Gagnon was an organist in the virtuoso tradition and a fluent improviser. In 1902 he became a member of the Royal Society of Canada. He was a corresponding member of the Société des compositeurs de musique de Paris and an officer of the Instruction publique de France. He was described by Arthur Letondal as a 'personality richly endowed with artistic talents, a man of rare discrimination and high ideals, guided by a deep love for the spirit and the characteristics of his country.'

Gagnon's sister Élisabeth (1838-1897) married Paul Letondal in 1860. His daughter Blanche (1867-1951) published Musique (6 vols), Musique religieuse (1903), and Musique sacrée (1915). Besides works composed by members of the Gagnon family, including her father, these books contain music from the Gagnon family collection that was written by European (mostly French) composers. Blanche also published several of her father's individual works such as 'Ave verum' for three-part choir and 'Cantique pour la communion' and 'Tantum ergo,' both arranged alternatively for two or three equal voices (all three works published 1915). Blanche wrote and published several monographs 1921-48 in Quebec City under the pseudonyms Bibliophile, Manrésien, or Amicus. Collections of her father's essays, Pages choisies and Nouvelles pages choisies, were published through her efforts. She wrote a column and various articles, 1919-20, for La Musique. Her article 'Notre chant national,' which appeared in Le Soleil, 29 Jun 1907, under the pseudonym Frimaire, gave her version of the genesis of the national anthem 'O Canada'; in it Ernest Gagnon has a much more active role than in the account of Nazaire LeVasseur (Montreal La Presse, 11 Dec 1920). She presented her version again and with additional details in her Réminiscences et actualités (Quebec City 1939).

Selected Compositions

Stadaconé 'danse sauvage pour piano'. Lovell 1858, CMH, vol 1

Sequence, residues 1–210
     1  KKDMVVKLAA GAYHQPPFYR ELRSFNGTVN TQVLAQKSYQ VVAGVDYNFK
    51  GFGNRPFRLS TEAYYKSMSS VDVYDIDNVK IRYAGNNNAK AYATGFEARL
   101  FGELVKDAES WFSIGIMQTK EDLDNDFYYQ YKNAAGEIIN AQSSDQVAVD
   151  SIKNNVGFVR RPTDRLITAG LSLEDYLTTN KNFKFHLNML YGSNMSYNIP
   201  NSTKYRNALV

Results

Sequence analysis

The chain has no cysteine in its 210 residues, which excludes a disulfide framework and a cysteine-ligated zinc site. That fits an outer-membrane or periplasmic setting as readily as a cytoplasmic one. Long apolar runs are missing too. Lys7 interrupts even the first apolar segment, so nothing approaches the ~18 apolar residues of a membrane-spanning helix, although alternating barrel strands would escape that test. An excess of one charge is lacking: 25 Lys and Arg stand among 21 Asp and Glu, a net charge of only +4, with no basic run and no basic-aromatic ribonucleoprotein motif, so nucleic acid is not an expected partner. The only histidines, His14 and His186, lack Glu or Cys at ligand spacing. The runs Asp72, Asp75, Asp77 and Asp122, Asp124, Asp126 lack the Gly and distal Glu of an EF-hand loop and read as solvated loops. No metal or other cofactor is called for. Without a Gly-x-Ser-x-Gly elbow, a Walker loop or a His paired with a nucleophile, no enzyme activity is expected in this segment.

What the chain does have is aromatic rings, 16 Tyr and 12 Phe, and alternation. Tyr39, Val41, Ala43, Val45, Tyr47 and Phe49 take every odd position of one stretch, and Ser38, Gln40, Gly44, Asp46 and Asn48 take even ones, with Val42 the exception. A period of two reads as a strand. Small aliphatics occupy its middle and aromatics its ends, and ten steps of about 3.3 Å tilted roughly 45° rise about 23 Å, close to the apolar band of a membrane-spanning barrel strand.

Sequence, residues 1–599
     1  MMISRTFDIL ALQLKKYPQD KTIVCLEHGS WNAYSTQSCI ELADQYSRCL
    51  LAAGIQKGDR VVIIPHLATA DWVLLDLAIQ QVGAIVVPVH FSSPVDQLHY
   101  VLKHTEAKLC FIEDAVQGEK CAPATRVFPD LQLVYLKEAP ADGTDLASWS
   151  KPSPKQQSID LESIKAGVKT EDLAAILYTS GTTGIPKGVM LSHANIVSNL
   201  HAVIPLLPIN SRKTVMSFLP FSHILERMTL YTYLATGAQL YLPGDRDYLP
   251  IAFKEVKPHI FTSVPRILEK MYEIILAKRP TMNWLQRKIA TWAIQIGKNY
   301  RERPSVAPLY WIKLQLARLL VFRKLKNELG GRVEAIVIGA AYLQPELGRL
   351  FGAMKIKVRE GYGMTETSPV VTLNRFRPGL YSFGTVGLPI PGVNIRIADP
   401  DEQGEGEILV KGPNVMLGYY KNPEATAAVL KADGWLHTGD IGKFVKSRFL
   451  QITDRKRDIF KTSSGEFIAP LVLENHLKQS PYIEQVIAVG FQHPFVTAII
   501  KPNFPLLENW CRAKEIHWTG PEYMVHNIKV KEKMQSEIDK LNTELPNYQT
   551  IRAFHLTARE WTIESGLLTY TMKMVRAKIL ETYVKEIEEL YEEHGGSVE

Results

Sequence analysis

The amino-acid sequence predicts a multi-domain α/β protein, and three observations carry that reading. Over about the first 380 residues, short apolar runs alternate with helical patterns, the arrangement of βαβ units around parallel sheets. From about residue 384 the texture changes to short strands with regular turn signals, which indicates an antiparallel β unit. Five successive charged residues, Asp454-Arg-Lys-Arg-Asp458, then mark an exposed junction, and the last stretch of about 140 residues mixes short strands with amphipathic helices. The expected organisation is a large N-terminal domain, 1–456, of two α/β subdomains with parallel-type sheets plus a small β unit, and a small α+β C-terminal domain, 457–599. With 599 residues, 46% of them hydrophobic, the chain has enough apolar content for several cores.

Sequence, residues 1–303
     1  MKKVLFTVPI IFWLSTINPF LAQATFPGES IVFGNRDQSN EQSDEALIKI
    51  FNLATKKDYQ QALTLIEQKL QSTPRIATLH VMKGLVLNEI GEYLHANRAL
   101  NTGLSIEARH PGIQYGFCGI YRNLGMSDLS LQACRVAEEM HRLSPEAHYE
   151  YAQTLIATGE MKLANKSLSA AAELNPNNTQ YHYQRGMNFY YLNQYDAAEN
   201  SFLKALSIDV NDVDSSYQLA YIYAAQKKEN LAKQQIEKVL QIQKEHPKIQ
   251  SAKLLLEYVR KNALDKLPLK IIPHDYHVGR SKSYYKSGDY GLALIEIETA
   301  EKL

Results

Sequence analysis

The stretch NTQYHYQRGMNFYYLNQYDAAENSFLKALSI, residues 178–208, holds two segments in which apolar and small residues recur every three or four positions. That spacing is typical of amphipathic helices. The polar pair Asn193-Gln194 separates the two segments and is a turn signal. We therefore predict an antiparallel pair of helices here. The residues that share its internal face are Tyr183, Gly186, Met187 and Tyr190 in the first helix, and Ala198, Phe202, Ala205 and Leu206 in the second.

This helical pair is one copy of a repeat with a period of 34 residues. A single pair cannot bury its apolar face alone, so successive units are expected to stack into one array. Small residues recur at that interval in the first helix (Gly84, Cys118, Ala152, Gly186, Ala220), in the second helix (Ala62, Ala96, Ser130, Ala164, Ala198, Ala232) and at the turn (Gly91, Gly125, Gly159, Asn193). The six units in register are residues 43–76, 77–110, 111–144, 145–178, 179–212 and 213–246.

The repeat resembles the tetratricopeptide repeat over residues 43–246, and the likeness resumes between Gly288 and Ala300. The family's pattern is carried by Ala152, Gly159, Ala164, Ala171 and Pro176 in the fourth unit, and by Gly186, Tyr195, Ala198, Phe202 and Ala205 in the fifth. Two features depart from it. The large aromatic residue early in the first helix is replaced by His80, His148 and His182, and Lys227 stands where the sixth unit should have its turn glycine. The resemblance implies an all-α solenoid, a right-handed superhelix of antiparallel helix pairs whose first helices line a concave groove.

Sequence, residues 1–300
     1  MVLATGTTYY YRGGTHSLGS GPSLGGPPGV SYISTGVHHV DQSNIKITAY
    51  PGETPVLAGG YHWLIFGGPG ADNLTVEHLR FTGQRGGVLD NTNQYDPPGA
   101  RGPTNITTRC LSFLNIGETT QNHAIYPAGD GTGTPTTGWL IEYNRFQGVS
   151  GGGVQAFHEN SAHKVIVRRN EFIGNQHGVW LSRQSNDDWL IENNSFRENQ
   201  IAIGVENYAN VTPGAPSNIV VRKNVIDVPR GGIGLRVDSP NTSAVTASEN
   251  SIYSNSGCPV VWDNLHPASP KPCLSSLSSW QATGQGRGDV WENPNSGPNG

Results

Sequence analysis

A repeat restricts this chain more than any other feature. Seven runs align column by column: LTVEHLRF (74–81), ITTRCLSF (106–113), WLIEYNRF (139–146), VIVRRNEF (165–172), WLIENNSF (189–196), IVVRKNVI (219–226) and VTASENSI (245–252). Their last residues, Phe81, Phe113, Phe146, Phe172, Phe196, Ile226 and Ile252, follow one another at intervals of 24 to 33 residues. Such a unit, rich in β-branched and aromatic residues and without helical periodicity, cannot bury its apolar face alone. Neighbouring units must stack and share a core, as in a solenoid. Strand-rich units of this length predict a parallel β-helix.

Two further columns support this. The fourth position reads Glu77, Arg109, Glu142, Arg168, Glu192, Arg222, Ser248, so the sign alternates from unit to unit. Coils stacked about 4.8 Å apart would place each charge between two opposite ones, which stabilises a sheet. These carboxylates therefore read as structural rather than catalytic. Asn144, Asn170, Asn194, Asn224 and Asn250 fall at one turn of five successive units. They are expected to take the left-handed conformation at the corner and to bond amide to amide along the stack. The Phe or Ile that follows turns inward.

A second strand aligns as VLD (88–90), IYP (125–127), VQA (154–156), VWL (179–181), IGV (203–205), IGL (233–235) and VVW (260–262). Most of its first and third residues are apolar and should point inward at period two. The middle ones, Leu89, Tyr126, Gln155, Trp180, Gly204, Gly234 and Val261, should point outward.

Un Soir à bord, quadrille. Pf. Lovell 1859

Souvenir de Venise 'grand nocturne pour piano'. Lovell 1860, CMH, vol 1

Le Carnaval de Québec 'quadrille sur des airs populaires et nationaux pour piano.' St Laurent & Co 1862, CMH, vol 1

À la claire fontaine 'transcription de salon.' Pf. Lavigueur & Hutchison 1894

Accompagnement d'orgue des chants liturgiques 'en usage dans la province ecclésiastique de Québec.' ? 1903, Boucher 1912, 1918

An accompaniment to 'Ô Canada, mon pays, mes amours.' WR 1912; P-T, 21 Jun 1913; CMH, vol 7


Chansons populaires du Canada (Quebec City 1865-7, 1880, 1894, 1900; Montreal 1901, 1908, 1913, 1918, 1925, 1930, 1935, 1940, 1947, 1952, 1955)

Lettres de voyage (Quebec City 1876)

Louis Jolliet (Quebec City 1902, Montreal 1913, 1926, 1946)

Choses d'autrefois, feuilles éparses (Quebec City 1905)

Chansons des soldats de Montcalm (Quebec City 1907)

Les Sauvages de l'Amérique et l'art musical (Quebec City 1907)

La Nouvelle-France (Quebec City 1908)

Drapeau de Carillon (Quebec City 1910)

Feuilles volantes et pages d'histoire (Quebec City 1910)

Famille Charles-Édouard Gagnon (Quebec City 1914)

Hommes et choses d'autrefois (Quebec City 1917)

Pages choisies (Quebec City 1917)

Nouvelles pages choisies (Quebec City 1925)

Choir or Voice

'Ave Maria,' no. 1 of Échos du sanctuaire. V, SATB. Lovell 1859, CMH, vol 2

'Le Chant de l'Iroquois.' V, piano. Journal de l'Instruction publique, May 1859

'Chant des voltigeurs canadiens' (L.-H. Fréchette). V, piano. Cazeau 1862, CMH, vol 7

'Je me voyais au milieu de ma course.' SATB, piano. Écho du cabinet de lecture paroissial, Oct 1862

'Ça bergers, assemblons-nous.' SATB, piano. Écho du cabinet de lecture paroissial, Dec 1862. RCA Victor 56-5231-A (Petits Chanteurs de Granby)

'Tantum ergo in D.' 3 female voices, organ. Foyer domestique, Mar 1879

Chants canadiens. SATB, piano. A. Lavigne 1887?, Boucher 1929, 1938

Les Soirées de Québec. 3 voices, piano. Langlais 1887, Boucher 1887, 1905. Bluebird B-1265 (Imperial Grenadiers)

Cantiques populaires du Canada francais. SATB, organ (piano). Brousseau 1897, CMH, vol 2

'Chanson des soldats de Montcalm.' V, piano. Revue canadienne, 1907

Petite Maîtrise des collèges. 3 or 4 voices; Book I 1907, Book II 1908; (selections) CMH, vol 2

Cantiques populaires pour la fête de Noël. SATB, organ. Boucher 1909, 1922, 1938

'Silence ciel! Silence terre!' V solo, choir, piano. Boucher 1951

'Sortez de vos hameaux.' V solo, SATB, piano. Boucher

A 'Ave Maria Stella' recorded by the Tudor Singers of Montreal (CBC Musica Viva MVCD-1039)

A harmonization of Henry Dumont's Messe des anges for 4 voices and organ, published by Boucher

Also L'Incantation de la jongleuse. Vn, piano. Lovell 1862

Further Reading